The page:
Short Stories for Teachers
Everyone is familiar with Aesop's Fables. They are short stories usually about animal characters designed to make a point about human behaviour. Aesop has been credited with inventing the fable. Indeed, the name Aesop has become synonymous with fables. However, animal fables existed long before Aesop. There are fables recorded in ancient artefacts of Babylon, Harappa (the ancient Indian civilisation), China and Persia.
Fables are the second oldest form of story known. The first is the myth: how the world came into existence, stories of the gods and goddesses and the powers that keep the earth going. Fables were often used by public speakers or priests trying to get their message across. In the days when people lived a lot closer to nature and usually were illiterate, the easiest way to communicate an important message to them was to tell a story about animal behaviour and relate it to human behaviour.
Before writing became widespread among the so-called "educated" members of the ancient societies, all the stories were passed on by word of mouth, with nothing written down. Stories were often told instead of laws being set down and adhered to. If you think about it this way: are you more inclined to "look both ways" before crossing traffic because your parents or "Constable Care" told you stories of people being hit by passing vehicles, or because the Road Traffic Act says to "be cautious when crossing a road"?
As nothing in that era was written down (except the exploits of a King or warrior), it is impossible to know exactly whether Aesop thought of the fables himself, or whether he was a wandering storyteller who collected fables. In the days of such widespread illiteracy, it is likely Aesop could not even read or write. Some have suggested he may have been blind, as Homer is suggested to be. The earliest reference to written fables we have is from the Greek historian Herodotus from around 300 BC. Unfortunately, Herodotus seemed to think everyone knew Aesop and his fables so well that he did not need to give any details of Aesop or his work.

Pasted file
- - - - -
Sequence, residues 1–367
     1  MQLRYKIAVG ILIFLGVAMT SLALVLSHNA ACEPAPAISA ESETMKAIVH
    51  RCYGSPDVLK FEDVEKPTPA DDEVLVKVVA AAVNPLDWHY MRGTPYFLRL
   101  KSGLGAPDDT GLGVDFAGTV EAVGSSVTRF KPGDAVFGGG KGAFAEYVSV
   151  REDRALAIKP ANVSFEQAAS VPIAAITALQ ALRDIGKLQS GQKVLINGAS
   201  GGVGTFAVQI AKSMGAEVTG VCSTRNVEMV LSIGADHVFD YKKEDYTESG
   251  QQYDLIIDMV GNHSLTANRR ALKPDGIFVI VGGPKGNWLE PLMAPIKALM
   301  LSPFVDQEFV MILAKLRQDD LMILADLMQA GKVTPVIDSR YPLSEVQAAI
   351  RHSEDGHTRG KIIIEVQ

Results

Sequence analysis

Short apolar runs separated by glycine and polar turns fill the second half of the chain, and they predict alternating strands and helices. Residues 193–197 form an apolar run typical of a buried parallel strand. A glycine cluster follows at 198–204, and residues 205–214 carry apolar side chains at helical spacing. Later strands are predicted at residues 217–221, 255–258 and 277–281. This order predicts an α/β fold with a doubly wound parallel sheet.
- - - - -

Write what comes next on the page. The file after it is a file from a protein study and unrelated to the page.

Regardless of whether or not Aesop was the creative genius behind all the fables, they are still Aesop's Fables. Even if they were not specifically written by a person by the name of "Aesop", their value is no less. Would the fairy tales by Hans Christian Andersen or the Brothers Grimm be any less loved simply because they were written by different people? Of course not. Having said that, we are as certain as is possible that Hans Christian Andersen did in fact write the fairy tales attributed to him, as with the Brothers Grimm.
Do not let this article make you enjoy Aesop's Fables any less. For in spite of all the difficulties and uncertainty surrounding the Fables, they bestow on us and on future generations the benefits of the ancient wisdom.
Mike holds a Bachelor of History and a Law degree from the University of Notre Dame. He has been involved in online marketing since mid 2005. This article is copyright 2006. Permission to use this is given on the condition that you link back to http://www.aesopresources.com